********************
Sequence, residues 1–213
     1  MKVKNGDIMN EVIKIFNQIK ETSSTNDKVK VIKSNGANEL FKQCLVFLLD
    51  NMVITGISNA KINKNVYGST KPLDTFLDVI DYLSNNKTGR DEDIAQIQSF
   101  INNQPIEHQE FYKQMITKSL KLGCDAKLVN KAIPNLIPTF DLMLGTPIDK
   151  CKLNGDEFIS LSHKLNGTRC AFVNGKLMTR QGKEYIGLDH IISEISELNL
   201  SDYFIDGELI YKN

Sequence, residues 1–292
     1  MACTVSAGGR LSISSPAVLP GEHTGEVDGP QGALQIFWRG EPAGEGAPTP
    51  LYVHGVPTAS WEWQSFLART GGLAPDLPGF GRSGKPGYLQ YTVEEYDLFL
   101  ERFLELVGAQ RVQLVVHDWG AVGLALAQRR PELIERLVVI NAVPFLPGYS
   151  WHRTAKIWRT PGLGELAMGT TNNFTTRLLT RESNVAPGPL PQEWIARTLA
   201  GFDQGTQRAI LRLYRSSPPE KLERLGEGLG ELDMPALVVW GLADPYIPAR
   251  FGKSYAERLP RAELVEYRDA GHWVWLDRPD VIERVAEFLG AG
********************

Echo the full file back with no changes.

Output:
Sequence, residues 1–213
     1  MKVKNGDIMN EVIKIFNQIK ETSSTNDKVK VIKSNGANEL FKQCLVFLLD
    51  NMVITGISNA KINKNVYGST KPLDTFLDVI DYLSNNKTGR DEDIAQIQSF
   101  INNQPIEHQE FYKQMITKSL KLGCDAKLVN KAIPNLIPTF DLMLGTPIDK
   151  CKLNGDEFIS LSHKLNGTRC AFVNGKLMTR QGKEYIGLDH IISEISELNL
   201  SDYFIDGELI YKN

Sequence, residues 1–292
     1  MACTVSAGGR LSISSPAVLP GEHTGEVDGP QGALQIFWRG EPAGEGAPTP
    51  LYVHGVPTAS WEWQSFLART GGLAPDLPGF GRSGKPGYLQ YTVEEYDLFL
   101  ERFLELVGAQ RVQLVVHDWG AVGLALAQRR PELIERLVVI NAVPFLPGYS
   151  WHRTAKIWRT PGLGELAMGT TNNFTTRLLT RESNVAPGPL PQEWIARTLA
   201  GFDQGTQRAI LRLYRSSPPE KLERLGEGLG ELDMPALVVW GLADPYIPAR
   251  FGKSYAERLP RAELVEYRDA GHWVWLDRPD VIERVAEFLG AG